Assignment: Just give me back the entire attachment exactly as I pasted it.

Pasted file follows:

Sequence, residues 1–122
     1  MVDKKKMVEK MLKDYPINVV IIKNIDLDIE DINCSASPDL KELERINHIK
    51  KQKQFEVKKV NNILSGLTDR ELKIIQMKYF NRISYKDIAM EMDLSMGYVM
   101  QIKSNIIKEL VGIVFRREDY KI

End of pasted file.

Sequence, residues 1–122
     1  MVDKKKMVEK MLKDYPINVV IIKNIDLDIE DINCSASPDL KELERINHIK
    51  KQKQFEVKKV NNILSGLTDR ELKIIQMKYF NRISYKDIAM EMDLSMGYVM
   101  QIKSNIIKEL VGIVFRREDY KI